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I offer handmade willow caskets to my local and greater New England community.  I support the growing movements of green burial and traditional home funerals in North America.  Rather than shipping my caskets far and wide, I hope to inspire weavers from throughout North America to cultivate this traditional craft within their own local communities.



Willow coffins are one of the most environmentally sound types.  Willow takes only a year to grow and is fully compostable, making it the most environmentally renewable material for making coffins.   When a willow coffin is used in a green burial, all the carbon in both the body and the willow is sequestered in the soil.  Willow is also ideal for cremation, being a very light pithy wood. 

My coffins are lined with unbleached cotton muslin.  Compostable cotton rope, made and grown in the USA, is used for the handles. I source my organic willow from family farms in Ohio, Virginia, Illinois, Maine and Ontario, and the sturdy base slats are made from local spruce or pine.  Because there are no resins or plastics involved in production, the coffins do not release harmful gasses into the atmosphere during cremation.

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My neighbor recently asked me how I felt about creating such a beautiful item just to have it buried or cremated, gone forever. I did my best to answer...

I have been connected to thresholds and ceremony for my whole life. One very key part to ceremony is the physical representation and symbol of a deep emotional shift, the crossing of a threshold, and the layered adjustments that follow. To weave a coffin with my hands, knowing that a human body will be laid in it and in turn, laid in the ground to return to dirt, I see each weaving rod representing a story in that person's life, a nugget of experience or love to be woven into the person they became in their life.  I use my own experience and love to create a representation of that complex life, and it is a gift for me to see it feed the earth that in turn feeds me.  Life and death are inherently tied.  Everything that has ever been created must die, and for anything to change, part of it dies in order to do so.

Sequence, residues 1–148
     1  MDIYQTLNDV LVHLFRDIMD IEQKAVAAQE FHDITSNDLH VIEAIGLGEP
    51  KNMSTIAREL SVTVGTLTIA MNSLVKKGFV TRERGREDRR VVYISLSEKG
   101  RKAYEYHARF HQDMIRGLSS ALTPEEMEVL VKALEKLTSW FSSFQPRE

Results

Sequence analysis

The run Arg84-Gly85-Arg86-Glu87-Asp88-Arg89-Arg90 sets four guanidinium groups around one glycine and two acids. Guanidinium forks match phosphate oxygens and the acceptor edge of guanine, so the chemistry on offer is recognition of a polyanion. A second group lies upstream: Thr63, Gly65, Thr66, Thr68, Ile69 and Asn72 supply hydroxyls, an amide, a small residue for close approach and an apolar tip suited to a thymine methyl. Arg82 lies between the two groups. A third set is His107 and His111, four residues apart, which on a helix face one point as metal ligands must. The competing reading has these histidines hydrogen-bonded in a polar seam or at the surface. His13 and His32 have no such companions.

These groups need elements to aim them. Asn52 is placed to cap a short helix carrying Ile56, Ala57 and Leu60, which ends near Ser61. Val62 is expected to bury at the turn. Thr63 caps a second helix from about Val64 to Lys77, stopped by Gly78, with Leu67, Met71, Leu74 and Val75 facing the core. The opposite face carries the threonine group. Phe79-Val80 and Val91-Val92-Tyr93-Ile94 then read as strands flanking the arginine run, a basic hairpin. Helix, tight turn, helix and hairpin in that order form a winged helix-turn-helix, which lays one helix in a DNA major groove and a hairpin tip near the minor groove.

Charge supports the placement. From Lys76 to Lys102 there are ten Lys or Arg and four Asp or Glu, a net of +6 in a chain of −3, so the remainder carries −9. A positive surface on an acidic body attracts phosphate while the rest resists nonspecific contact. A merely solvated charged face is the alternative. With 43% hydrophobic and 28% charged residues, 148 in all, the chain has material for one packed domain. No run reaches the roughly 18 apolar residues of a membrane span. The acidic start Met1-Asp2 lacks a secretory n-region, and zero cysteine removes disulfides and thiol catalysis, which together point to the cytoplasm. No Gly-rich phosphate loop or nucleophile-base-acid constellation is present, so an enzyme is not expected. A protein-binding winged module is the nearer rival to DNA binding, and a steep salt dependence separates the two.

— Mary Lauren Fraser, 2016

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"There is nothing more beautiful, nothing more gentle, nothing more natural, than the willow casket that Mary Lauren Fraser made for my mother.  While my elderly mother was still alive I kept the willow casket in my bedroom as a blanket chest. It looked gorgeous and gave me time to process that my mother was old and ailing and that her time of death was probably in the near future. When my mother died, the willow casket helped me with the transition as it went back to its original purpose. The beautiful, sturdy willow casket allowed me to have a completely green burial for my mother which is what both she and I wanted. 

The positive energy that Mary Lauren Fraser put into the making of the casket went with her into the ground and now I am at peace knowing that the willow casket held her safely as she has naturally given back, as both she and the casket gently journey back into the earth." 

- Louise

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willow coffins

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